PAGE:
Doctor insights on:
Exercise Good Diet Adhesions
Cardio Mix: If you adipose tissue that you'd like to lose then consider an increase in cardio and a balanced diet. However, do not always do the same exercise or you will increase your risks for stress injuries. Mix things up with running, biking, swimming, or circuit training. Ultimately you need to burn more than you consume. ...Read more
refers to all the physical matter humans (like all living creatures) must take in on a recurring basis; only partially for energy. Like all life on planet humans are open systems which keep tearing down their structure & require intake of atoms/molecules from which to rebuild their structure. Intestinal lining cells replaced ~every 3 days. CaPO4 in bones ~every 6 years, ...Read more
YES,: IT WILL NOT HURT, IT WILL NOT HURT ANYBODY ACTUALLY. ...Read more
Exercise, diet: A combination of aerobic (running, swimming, etc), non-aerobic (weight lifting) exercise raises HDL and increases muscle utilization of sugars. Diets low in high glycemic carbs and saturated fats with higher amounts of fiber, low glycemic carbs, and poly and mono unsaturated fatty acids are best. Fresh fruits and vegetables (not canned), chicken and fish, and grass (not grain) fed red meats good. ...Read more
I'm a female 19 5'5 and weigh 110lbs. To maintain weight with no/little excercise what diet works. Moderate diet, zone diet, low fat/carb diet ? Help!
Diet: Diet is a key in weight control but when you are so close to ideal body weight you need some exercise to maintain metabolic rate and muscle mass. Otherwise your body will simply slow metabolic rate and you will not feel or perform well and may not lose weight. More lean muscle burns more calories and makes it easier to keep weight off. If you don't build muscle you may add fat when gaining. ...Read moreSee 1 more doctor answer
Increasing HDL: Hdl is your happy cholesterol that protects you from heart disease. It is very hard to increase but Niacin or Niaspan (niacin) can help, exercise, losing weight, fish oil and some statins can help. Focus on improving all of your numbers so even if you get this up a little but your LDL comes down alot, the risk ratio improves. ...Read more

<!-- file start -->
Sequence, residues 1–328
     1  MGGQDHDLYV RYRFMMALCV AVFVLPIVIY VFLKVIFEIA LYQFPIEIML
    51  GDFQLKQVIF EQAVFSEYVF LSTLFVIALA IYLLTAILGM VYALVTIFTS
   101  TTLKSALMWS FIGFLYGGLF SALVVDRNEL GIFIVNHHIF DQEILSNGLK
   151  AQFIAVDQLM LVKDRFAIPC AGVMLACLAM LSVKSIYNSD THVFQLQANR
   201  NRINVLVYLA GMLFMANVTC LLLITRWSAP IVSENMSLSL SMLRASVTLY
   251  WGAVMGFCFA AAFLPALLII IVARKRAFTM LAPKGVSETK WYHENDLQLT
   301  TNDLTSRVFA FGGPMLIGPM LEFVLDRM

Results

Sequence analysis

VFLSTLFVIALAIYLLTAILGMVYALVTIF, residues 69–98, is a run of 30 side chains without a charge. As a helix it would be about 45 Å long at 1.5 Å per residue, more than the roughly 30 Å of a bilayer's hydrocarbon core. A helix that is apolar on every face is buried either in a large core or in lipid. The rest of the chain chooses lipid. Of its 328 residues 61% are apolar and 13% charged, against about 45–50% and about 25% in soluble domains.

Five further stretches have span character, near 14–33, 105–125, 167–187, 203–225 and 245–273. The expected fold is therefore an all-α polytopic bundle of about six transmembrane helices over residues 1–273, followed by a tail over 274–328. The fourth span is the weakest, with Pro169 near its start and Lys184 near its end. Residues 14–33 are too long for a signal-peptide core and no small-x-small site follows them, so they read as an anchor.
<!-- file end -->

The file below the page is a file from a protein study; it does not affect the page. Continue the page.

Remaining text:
Docs, what's a program of sensible eating and exercise habits that keep weight at a healthy level?
In reality: Focus on a diet rich in colorful veggies and fruits. If you are interested in a "commercial" diet, people fairly well on Jenny Craig and Weight Watchers. Exercise wise, remember, squeeze it in whenever you can and whatever gets your heart rate up ... try to get in at least 150 mins/week. ...Read more
Which diet is best for wieght loss low carb diet vs balanced diet vs low fat diet plz tell thanx ?
Low fat is: not a good diet. You will always be hungry. Eat good fats such as olive oil and coconut oil--good for brain, joints, etc. Lower carb works well for lots of folks but see doc to be sure it's ok for you. Remember to eat protein or you will get tired. Peace and good health. ...Read moreSee 1 more doctor answer
Probably yes: By fibro do you mean fibromyalgia? To my knowledge, research has not been done to definitively answer this question, but i recommend an all organic diet to everyone & vegetarian diets have many proven benefits. I do advise an anti-inflammatory diet, which is primarily vegetarian but can include wild salmon/sardines/other healthy fish: http://www.Drweil.Com/drw/u/art02012/anti-inflammatory-diet. ...Read moreSee 1 more doctor answer
Persistent foul smelling stool. I eat balanced diet + lots of vegs&fruits, exercise regularly. Take min&vit&omega supps. Poor digestion? Next step?
Possible Allergy: You may not be able to digest certain foods. Try keeping a food diary and see if a pattern or certain food causes problems, if so , avoid. Also you may need to try digestive enzymes like beano for vegetables and lactaid for dairy products. Also make sure you are eating plenty of probiotic foods to aid in digestion as well. ...Read more
What is the best treatment for painful abdo adhesions? My diet is mostly liquid. Massage/acupuncture?
Whatever works: 42 yo female w. IBS-like sx's post-appy & laparoscopy. Med literature reports adhesions routine after abdominal-pelvic surgery. Iatrogenic? Absent obstruction avoid explorations. Codeine contraindicated. Relax peristalsis via Bentyl, (dicyclomine) biofeedback, mindfulness therapies, massage, swimming, ingested Cannabis sativa (cold prep. under 180 degrees to avoid "high"; tea, tincture, butter), & Acupuncture. ...Read moreSee 1 more doctor answer
1.5yrs after 36hr ulcer perforation, peritonitis &severe ab adhesions, I have gastroperesis due to the adhes. Beside liquid diet, what r my options?